Lets login to console and execute the command provided on the screen. Once executed, it will generate the results in a folder "wordcount_output_unix" in your home HDFS directory.
As you can see has generated the counts of unique words.
How did it work? The simplistic dataset should help us understand the process. if you have not gone through our video on computing word frequencies using Unix without Hadoop, please go through that.
In the example, we have input line containing sa re sa ga. sed command is our mapper. The input file will be fed to sed line wise. sed command here is replacing space with newline which means it is generating each word as a key and value is null. Hadoop will sort this data and on sorted data, it would call reducer which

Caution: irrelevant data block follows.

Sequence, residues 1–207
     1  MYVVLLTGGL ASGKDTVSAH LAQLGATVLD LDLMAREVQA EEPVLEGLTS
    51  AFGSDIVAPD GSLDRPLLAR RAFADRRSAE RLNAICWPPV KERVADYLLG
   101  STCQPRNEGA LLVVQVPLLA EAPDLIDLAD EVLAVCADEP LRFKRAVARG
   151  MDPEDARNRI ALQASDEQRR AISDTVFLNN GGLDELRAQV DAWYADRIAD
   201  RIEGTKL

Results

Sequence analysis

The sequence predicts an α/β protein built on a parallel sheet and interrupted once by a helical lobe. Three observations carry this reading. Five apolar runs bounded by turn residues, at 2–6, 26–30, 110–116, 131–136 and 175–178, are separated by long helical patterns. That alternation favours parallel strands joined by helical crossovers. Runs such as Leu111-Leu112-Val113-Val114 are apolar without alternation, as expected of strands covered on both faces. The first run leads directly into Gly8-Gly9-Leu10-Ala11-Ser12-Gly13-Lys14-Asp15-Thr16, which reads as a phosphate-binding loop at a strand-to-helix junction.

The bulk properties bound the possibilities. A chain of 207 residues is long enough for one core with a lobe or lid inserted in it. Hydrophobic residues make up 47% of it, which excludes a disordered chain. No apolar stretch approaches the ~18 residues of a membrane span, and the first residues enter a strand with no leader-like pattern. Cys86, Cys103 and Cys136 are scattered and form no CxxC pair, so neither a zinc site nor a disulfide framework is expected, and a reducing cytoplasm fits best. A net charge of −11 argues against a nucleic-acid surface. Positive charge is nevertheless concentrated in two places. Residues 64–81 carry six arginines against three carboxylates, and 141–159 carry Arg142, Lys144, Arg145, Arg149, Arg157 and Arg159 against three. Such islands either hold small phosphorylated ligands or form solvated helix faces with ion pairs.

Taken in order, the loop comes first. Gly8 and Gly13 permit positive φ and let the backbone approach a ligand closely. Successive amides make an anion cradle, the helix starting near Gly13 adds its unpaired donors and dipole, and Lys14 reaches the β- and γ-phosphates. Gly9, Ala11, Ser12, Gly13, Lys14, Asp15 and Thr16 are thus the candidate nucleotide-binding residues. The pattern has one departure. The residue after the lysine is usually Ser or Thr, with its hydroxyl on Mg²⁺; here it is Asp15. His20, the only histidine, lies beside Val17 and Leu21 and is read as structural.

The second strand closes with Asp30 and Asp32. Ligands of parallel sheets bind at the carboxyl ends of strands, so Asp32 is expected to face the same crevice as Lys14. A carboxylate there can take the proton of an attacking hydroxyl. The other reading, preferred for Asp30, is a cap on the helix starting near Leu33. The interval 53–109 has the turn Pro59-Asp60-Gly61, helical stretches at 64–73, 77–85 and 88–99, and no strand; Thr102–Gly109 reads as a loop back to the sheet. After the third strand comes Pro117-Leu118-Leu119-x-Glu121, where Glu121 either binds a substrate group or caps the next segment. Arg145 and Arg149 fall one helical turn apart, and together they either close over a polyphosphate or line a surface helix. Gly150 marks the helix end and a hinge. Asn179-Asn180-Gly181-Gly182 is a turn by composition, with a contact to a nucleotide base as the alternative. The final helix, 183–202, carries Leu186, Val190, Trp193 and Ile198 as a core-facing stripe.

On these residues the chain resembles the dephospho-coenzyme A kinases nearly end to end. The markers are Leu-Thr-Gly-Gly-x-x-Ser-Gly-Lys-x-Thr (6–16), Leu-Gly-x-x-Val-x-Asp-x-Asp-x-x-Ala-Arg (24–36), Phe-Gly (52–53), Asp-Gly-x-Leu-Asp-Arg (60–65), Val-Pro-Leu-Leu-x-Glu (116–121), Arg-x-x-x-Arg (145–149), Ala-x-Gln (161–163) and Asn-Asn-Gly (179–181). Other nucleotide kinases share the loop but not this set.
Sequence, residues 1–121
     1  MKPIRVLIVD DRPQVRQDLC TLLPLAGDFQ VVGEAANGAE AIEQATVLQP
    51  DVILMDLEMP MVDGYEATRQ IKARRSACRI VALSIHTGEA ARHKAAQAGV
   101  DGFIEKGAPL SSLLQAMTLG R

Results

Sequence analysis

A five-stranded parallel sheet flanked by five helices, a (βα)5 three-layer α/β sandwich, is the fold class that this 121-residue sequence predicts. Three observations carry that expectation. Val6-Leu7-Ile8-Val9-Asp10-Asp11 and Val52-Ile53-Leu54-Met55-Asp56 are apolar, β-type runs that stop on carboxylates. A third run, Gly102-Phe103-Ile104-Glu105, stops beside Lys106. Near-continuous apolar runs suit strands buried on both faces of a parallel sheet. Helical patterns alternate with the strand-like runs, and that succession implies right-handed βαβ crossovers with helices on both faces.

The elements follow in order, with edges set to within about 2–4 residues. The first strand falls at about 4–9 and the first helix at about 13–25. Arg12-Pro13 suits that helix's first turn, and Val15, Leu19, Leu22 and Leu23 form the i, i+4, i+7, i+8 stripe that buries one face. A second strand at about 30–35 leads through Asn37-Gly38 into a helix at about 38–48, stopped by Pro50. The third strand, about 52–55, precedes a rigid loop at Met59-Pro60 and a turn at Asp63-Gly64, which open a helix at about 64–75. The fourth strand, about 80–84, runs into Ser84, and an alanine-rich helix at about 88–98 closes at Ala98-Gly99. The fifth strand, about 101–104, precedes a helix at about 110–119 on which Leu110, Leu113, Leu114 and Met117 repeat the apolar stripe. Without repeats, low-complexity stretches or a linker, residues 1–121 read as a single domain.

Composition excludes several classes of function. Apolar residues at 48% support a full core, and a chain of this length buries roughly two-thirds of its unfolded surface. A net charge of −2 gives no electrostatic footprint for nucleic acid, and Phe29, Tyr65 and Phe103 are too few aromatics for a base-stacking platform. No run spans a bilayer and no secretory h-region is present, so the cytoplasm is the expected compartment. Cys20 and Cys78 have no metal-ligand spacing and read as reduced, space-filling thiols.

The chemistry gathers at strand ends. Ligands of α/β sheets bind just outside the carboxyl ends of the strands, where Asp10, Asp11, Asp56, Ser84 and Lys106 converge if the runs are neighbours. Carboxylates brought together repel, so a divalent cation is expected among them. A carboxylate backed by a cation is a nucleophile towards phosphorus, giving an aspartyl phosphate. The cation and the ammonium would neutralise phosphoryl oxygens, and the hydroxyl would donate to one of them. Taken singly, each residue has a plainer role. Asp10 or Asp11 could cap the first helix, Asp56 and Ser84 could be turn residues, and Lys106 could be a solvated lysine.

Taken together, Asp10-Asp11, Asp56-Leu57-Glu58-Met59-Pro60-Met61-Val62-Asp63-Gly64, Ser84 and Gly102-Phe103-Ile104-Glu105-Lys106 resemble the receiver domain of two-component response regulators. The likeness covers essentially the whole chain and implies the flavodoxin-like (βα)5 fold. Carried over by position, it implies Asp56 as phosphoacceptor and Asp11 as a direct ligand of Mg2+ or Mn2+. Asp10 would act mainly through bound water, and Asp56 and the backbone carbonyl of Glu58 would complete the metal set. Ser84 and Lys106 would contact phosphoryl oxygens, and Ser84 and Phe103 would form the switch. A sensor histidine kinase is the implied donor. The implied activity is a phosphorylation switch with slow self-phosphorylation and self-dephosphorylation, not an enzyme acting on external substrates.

uniq -c. uniq -c print the frequencies of lines in the sorted input.
So, if you look at it closely, here Hadoop has only replaced the
sort command in our Unix way of solving wordcount.
In the similar fashion, if we have multiple reducers, the uniq command will be executed on multiple machines simultaneously. Note that all of the values for a key would go to same reducer.
In the previous case, we used sed and uniq command which were already installed on all machines. What if the programs that we are using as mapper and reducer are not installed on all machines?
We can use the
-files option to send the files to all of the machines. These files will get copied onto the current working directory of mapper or reducer on all nodes.
Let us take a look. In the previous example, our data was not cleaned enough. Let's try to clean the data using our shell script.